This is a little tough for me to write, but since I've never seen anything in print about it I figured it might be something other people scanned pages for, even if they might not admit it. It's nothing fancy, but here goes.
For most of my life I absolutely believed that if I had better skin, the whole world would be a wonderful place to be. Everything would be easier; this is what I figured at 16, then 19, then 22. I would automatically become more desirable and charming. I could be cute; I could even try being "girlish" and sweet just for the heck of it. I could look straight into the camera. I could cut my hair short; I could wear a ponytail in public. I could use cheap makeup without worrying that I'd break out or look lurid and tough. I could lighten up. I could be less angry, less defensive, less miserable.
I figured I'd be less ashamed of facing the day without a scarred face. And I was ashamed -- constantly and profoundly ashamed. As a teenager, I totally blamed myself for the poor condition of my skin and would make serious, often written, vows to give up soda, pizza and chocolate -- too bad, since now most dermatologists agree that diet doesn't have much to do with acne. Almost every diary from those years begins with a New Year's resolution to forgo oily foods, as if that was going to begin my Cinderella-like transformation into a girl who could appear on the pages of Seventeen or Mademoiselle.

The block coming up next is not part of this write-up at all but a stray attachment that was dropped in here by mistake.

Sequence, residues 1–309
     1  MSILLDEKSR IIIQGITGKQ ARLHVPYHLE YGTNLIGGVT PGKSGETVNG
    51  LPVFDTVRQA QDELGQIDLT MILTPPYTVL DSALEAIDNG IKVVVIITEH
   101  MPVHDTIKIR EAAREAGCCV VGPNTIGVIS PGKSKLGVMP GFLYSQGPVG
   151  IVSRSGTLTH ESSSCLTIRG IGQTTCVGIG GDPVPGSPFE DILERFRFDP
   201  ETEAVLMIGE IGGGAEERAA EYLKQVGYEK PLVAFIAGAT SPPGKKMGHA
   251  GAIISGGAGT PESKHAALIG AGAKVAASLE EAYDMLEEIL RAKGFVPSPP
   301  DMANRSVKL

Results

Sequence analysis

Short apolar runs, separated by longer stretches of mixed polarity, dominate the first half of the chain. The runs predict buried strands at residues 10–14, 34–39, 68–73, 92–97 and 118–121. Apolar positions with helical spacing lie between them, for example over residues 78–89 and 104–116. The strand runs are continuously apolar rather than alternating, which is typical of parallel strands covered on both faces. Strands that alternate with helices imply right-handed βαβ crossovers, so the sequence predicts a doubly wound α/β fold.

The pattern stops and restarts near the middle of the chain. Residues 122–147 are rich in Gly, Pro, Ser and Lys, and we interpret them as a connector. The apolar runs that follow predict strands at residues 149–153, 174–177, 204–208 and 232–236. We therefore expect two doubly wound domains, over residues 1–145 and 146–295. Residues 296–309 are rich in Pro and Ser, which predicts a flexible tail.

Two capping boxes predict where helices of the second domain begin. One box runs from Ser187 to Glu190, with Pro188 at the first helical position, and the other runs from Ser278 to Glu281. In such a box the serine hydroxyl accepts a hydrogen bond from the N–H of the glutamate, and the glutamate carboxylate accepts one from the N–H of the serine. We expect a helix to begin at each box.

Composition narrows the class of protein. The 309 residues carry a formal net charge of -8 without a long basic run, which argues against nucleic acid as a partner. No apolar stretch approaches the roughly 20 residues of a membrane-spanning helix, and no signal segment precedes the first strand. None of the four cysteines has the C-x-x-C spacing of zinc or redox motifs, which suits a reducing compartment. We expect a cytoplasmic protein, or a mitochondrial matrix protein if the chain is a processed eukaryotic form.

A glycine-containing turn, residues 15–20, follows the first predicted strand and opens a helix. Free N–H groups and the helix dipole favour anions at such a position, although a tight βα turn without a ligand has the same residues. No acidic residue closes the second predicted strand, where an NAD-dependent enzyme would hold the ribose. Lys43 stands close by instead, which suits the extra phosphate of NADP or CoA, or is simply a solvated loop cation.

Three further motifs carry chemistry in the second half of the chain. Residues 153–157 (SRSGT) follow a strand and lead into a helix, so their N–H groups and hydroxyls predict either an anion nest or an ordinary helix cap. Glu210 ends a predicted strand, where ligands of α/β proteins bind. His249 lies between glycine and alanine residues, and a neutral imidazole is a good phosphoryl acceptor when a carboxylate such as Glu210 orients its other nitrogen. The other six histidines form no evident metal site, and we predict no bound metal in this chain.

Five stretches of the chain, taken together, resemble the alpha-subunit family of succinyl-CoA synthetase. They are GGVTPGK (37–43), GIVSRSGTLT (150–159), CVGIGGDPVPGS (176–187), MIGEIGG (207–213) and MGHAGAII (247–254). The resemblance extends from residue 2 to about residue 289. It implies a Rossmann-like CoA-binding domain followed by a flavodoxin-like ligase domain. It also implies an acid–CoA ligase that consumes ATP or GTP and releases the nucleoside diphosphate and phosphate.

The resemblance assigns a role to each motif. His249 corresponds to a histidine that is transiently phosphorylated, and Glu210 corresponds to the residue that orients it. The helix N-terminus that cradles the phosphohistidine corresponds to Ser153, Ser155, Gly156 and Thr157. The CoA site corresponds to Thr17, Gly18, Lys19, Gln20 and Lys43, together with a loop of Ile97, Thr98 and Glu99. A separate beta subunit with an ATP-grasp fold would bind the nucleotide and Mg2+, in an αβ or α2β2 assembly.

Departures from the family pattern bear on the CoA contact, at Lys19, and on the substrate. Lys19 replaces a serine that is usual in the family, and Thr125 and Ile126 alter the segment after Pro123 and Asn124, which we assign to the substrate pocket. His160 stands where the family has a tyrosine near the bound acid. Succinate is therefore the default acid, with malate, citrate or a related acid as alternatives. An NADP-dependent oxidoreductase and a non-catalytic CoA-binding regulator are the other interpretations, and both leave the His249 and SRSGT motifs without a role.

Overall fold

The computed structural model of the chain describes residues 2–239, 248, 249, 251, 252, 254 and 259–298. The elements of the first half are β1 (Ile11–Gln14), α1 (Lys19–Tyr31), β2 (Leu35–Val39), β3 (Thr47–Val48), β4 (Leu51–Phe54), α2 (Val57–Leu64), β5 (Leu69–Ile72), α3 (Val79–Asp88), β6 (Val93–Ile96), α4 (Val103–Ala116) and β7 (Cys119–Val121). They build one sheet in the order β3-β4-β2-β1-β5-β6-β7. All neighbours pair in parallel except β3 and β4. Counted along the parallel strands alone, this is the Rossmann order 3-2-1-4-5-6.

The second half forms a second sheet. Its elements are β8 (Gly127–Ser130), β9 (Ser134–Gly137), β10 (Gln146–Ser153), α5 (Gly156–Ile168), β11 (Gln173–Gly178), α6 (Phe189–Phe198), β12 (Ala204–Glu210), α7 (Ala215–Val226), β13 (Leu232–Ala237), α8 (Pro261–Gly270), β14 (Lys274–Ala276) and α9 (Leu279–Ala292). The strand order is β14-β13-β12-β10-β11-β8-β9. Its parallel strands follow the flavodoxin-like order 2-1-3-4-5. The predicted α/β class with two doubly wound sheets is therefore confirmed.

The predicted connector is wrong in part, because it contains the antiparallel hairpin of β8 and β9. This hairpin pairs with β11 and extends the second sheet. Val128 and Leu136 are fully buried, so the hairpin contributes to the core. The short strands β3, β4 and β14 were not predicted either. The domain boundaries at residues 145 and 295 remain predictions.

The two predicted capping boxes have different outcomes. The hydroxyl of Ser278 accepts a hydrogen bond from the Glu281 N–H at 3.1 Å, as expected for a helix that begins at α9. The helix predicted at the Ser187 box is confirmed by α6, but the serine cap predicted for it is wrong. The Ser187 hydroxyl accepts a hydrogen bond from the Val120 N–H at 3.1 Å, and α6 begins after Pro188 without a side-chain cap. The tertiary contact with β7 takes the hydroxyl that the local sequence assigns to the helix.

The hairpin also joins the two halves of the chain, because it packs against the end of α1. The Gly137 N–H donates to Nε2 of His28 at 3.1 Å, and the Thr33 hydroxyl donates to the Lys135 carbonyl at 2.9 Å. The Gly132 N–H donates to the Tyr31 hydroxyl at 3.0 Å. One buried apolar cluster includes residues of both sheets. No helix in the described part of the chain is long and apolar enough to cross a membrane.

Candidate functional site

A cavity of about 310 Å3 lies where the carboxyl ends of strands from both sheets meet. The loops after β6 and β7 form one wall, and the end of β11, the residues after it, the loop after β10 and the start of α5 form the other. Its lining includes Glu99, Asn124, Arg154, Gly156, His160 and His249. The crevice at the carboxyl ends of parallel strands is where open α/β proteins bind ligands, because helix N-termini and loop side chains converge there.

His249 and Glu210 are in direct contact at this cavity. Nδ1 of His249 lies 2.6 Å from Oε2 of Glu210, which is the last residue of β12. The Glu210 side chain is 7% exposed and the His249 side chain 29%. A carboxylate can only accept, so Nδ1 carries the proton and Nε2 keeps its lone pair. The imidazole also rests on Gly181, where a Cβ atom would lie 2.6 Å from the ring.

I especially identified with Cinderella out of all the fairy-tale possibilities because it seemed to me that bad skin was something poor kids seemed to have; the wealthier ones had parents who would take them to doctors, or even specialists, or for facials, or buy them the right kinds of magical products that would minimize the problem. Poor kids were left to comb our hair over our foreheads and put our hands up to cover our faces as often as possible. Yes, of course, it was the worst possible thing to do, but try to tell that to someone who is interested only in hiding.
You've never seen a girl with rough skin in a movie; you've never seen any woman whose flawless, silken face is anything but perfect. It just doesn't happen. Guys who have rough faces are usually cast as the tough characters, mobsters or evildoers, but at least they get roles and they are visible in some way.
- Find a Therapist
- Topic Streams
- Get Help
RelationshipsLow Sexual Desire
Recently Diagnosed?Diagnosis Dictionary
- Psych Basics